3. Jason permalink

    I was introduced to MSP by a friend about 3 months ago and have made it a point to check your blog out when it’s linked from there. This is the first reply I’ve left on any of these blogs. It’s been nice to read the experiences others have had with the Mormon Church and see that people are going through the same thing that I’m going through. Even if I don’t really know any of these people, it’s helped me realize that I’m not alone. It’s interesting that so many of us are having similar experiences.

    Anyway, I had to comment on the comparison you made to accounting since I haven’t seen anybody else bring it up before (hope this doesn’t bore other readers). I began my career as an auditor at a firm in the Midwest from 2003-2008. I started off as a believing Mormon that separated the way I thought about spiritual things from the way I thought about secular things…I’m not sure if that separation/compartmentalization was consciously done in 2003. Maybe it was the 60+ hour work weeks, but the more I audited and saw the value of applying professional skepticism to business and other areas of life, the more difficult it became to continue to separate the way I thought about things. Now I’m an openly non-believing Mormon (after getting clearance from my wife I decided that I wasn’t going to pretend anymore about 3 months ago), and I’m that way because I’ve investigated/audited the church’s claims using the same principles that I used in my career.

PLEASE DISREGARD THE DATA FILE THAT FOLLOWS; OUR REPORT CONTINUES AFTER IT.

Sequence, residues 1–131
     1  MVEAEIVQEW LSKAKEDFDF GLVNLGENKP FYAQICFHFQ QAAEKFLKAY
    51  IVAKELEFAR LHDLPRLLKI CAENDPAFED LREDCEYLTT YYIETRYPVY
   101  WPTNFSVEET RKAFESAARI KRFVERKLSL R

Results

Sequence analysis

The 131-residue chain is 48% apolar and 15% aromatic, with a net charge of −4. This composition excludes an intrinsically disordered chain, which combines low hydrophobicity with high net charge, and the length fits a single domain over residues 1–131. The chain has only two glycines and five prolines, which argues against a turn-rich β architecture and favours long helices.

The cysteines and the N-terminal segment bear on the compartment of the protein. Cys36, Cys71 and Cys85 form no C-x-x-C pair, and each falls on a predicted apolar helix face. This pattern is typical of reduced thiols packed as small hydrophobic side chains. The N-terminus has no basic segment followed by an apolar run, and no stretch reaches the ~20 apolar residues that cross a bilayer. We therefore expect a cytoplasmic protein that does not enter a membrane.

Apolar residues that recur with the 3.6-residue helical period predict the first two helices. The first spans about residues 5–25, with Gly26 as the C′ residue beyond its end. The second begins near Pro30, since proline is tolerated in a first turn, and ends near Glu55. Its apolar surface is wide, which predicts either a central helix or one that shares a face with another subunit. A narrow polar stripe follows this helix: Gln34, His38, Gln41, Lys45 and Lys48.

To go just a little further with this, professional skepticism is defined as an attitude that includes a questioning mind and critical assessment of audit evidence. As an auditor you question everything and don’t take anybody at their word. You get as much information as you can directly from outside sources. If a client gives an explanation for something, you’ll need to corroborate it by getting the same story from another source. It’s your job to be an investigator. Once you start doing this with the truth claims of the Mormon Church…well, you run into some problems. It doesn’t take too long to determine that what is being taught through official Mormon sources is materially different from unofficial, but historically-supportable sources. There is no rational reconciliation/explanation for these differences. The Mormon Church’s presentation of its history and doctrine isn’t fair based on the evidence. It’s easy to see this, but extremely difficult and scary to be honest with yourself and admit it…it took me about 5 years to finally say something about it.